SM: Helping establish books I love, particularly The Cold Dish and Walking The Perfect Square, as some of the top selling books in the stores I’ve worked; BookPeople’s 35% increase of sales in the mystery section last year; and anytime an author says “You really understood my book.” Those things and finally moving to Austin and finding peace of mind in a life of crime (and a western whenever I can).

BFP: Is there anything else you’d like to mention?
SM: A) This is a great genre to be a part of. Even though many authors have used it for great allegory, there’s no need. Like Hammett, Ross Macdonald, Crumley, and George Pelecanos you can directly deal with the here and now. A lot of our best writers are doing that right now and setting the bar a little higher each year.

B) Anybody within visiting distance of BookPeople should check out our new book club, The Hard Word. I stole the name from a great Aussie caper movie starring Guy Pearce and Rachel Griffiths. We meet on the last Wednesday of the month at 7 p.m. to discuss a book of tough guys with codes, dangerous women with passion, dealing with lives and actions that don’t always lead to happy endings. On June 27th, we’ll be discussing Queenpin with a call in from Megan Abbott.

Sunday, June 7, 2009

BFP author news!

David Handler (The Man Who Died Laughing) has just placed a new thriller with Severn House. In Click to Play (due this fall), a dying child star from television's golden age reaches out to a Pulitzer Prize-winning journalist with an explosive revelation: The real truth behind the most famous murder spree in Hollywood history. A secret so shocking that it will absolutely destroy the beloved U.S. Senator who is poised to become America's next president. Handler has had a bit of success in thriller writing: He co-authored the international bestselling thriller Gideon under the pseudonym Russell Andrews. Visit David's website for more information on Click to Play, upcoming signing events, and his other titles (including his BFP-published Hoagy & Lulu mysteries!).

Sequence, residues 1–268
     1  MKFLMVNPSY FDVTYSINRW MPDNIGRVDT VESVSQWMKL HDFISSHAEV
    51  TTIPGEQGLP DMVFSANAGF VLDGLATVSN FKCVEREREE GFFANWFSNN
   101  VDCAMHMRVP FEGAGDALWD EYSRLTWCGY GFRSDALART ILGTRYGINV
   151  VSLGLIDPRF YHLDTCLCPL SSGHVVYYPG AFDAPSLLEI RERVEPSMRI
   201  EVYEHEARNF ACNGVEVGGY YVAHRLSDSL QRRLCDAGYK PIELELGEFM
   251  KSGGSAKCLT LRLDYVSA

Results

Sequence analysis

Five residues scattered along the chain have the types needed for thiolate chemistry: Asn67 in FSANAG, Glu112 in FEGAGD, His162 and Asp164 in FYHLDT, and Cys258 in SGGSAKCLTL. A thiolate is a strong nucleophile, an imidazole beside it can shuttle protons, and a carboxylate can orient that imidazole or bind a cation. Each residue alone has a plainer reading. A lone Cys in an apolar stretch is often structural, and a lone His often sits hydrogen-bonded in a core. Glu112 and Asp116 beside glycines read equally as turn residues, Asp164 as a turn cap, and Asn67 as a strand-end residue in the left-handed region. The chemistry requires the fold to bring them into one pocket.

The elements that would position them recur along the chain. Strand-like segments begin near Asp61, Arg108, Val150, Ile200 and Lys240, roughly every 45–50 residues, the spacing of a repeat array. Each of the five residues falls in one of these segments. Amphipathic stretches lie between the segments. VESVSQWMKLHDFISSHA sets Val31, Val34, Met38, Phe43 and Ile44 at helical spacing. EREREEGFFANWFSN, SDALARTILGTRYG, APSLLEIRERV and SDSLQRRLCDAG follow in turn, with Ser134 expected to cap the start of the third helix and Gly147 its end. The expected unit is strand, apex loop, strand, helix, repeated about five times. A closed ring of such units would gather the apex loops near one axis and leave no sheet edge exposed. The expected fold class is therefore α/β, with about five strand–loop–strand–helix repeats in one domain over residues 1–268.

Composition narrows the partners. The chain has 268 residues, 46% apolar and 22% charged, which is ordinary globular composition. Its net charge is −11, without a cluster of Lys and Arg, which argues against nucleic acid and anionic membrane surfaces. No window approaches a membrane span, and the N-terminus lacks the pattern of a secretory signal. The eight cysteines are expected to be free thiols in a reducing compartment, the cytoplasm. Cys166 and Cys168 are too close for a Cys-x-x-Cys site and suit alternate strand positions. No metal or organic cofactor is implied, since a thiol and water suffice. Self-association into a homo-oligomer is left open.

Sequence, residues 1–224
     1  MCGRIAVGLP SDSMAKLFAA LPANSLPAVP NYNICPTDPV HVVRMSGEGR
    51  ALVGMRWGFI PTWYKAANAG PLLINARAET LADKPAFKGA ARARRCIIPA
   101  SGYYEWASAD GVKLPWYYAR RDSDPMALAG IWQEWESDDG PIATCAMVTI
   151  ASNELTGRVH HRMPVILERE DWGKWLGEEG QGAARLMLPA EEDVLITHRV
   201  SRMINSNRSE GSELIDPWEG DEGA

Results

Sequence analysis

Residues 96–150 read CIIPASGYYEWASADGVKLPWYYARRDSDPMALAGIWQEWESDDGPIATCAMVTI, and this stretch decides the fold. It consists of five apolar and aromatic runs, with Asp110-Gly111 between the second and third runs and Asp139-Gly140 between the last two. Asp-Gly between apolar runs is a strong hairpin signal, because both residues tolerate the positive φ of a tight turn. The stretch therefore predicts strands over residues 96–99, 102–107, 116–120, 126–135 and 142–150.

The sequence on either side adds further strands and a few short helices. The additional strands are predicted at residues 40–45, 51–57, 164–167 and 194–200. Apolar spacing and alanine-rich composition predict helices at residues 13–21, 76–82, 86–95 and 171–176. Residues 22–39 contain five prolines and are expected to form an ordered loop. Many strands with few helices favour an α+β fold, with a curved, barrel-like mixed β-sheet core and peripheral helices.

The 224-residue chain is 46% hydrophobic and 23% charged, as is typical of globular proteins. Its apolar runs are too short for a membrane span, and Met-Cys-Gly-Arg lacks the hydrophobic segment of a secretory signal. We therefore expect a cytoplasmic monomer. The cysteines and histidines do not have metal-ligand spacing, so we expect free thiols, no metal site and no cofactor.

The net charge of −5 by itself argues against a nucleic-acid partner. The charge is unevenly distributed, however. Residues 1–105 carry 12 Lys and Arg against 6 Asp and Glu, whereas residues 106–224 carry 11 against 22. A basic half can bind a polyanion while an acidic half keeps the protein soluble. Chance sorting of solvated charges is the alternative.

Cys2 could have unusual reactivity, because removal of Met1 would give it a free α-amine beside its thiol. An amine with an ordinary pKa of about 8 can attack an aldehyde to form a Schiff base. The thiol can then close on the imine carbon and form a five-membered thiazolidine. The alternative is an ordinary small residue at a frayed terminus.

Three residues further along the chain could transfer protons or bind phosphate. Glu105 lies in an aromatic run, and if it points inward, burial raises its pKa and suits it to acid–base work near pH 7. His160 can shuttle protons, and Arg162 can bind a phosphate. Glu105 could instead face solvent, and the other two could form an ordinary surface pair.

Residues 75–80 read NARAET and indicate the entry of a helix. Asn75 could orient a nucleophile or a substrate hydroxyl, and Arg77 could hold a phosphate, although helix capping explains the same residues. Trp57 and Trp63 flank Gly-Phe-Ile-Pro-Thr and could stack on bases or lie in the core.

Zoë Sharp has been nominated for the 2009 CWA Short Story Dagger for "Served Cold," a story that was published first in BFP's 2007 female noir anthology A Hell of a Woman (edited by Megan Abbott; hardback, $26, 978-0-9792709-9-4; paperback, $18, 978-0-9767157-3-3) and was published in the U.K. for the first time in The Mammoth Book of Best British Crime (edited by Maxim Jakubowski; Constable & Robinson). That makes the fifth nomination/award for A Hell of a Woman (see the right-hand column for a list of the others). This is particularly nice as Busted Flush will be publishing Zoë's first three Charlie Fox thrillers (and the fifth) in the U.S. next year (and "Served Cold" features Charlie Fox in a cameo appearance)!

More early praise for Tower (by Ken Bruen & Reed Farrel Coleman; paperback original; $15; 978-1-935415-07-7)...

“[A] small, intimate book with a limited cast and compact, explosive plot—and it is seamless… gritty, with sharply drawn characters and an unstoppable pace.”—Linda Brown, The Mystery Bookstore (Los Angeles, CA)

Tower is the crime fiction equivalent of Joe Strummer and Lou Reed collaborating on a concept album and going way past the concept. In fact, the story wouldn’t carry the emotional gravity of the two protagonists if only one writer was telling both their stories. It’s difficult to picture any other two craftsmen, besides Bruen and Coleman, doing this and balancing the book’s lyrical mood and crisp pace. I couldn’t wait to get a copy to read. Now that I have read it, I’m even more impatient to get copies to sell to the fans of both authors and to introduce them to a whole new audience.”—Scott Montgomery, BookPeople (Austin, TX)

"This book has everything going for it, and I think it's going to be a big seller. Grab it in September and see if you agree."—Bill Crider, Edgar Award-nominated author of Murder in Four Parts (read his entire review here)

Wednesday, June 3, 2009

BookExpo & the Consortium catalog!

I returned on Sunday from my first BookExpo as a publisher with a distributor! Although I didn't have an alcove in the Consortium area like a few of the other CBSD presses, I did stop by to visit with a couple of the fine Consortium salespeople, the first-rate staff of Soho (there's a new Martin Limón book out this fall!... how excited am I??)... and I got to see Busted Flush Press make it's inaugural appearance in the Consortium catalog. And what a thing of beauty it is... at my day job -- Houston's Murder By The Book -- the Consortium catalog (see left) is the one that we probably look forward to the most... inside are some of today's finest small crime presses, like Soho, Akashic, Bitter Lemon, and Serpent's Tail... and you never know when you'll encounter something of interest from the other publishers, like Small Beer's first crime novel, Hound (coming out this fall) or Exterminating Angel's upcoming The Supergirls: Fashion, Feminism, Fantasy, and the History of Comic Book Heroines. I'm proud to be in such august company. If you're a bookseller or librarian and you'd like a Consortium catalog, please go here or call (800) 283-3572. And if you're not one of those and want to view a .pdf of the Fall 2009 catalog, please go here.

Oh, and if you're a bookseller or librarian and have had difficulty obtaining BFP titles (like Reed Farrel Coleman's first three Moe Prager novels) in the last month because of the transition, Consortium now has the books! Please contact your sales rep or call the aforementioned (800) 283-3572.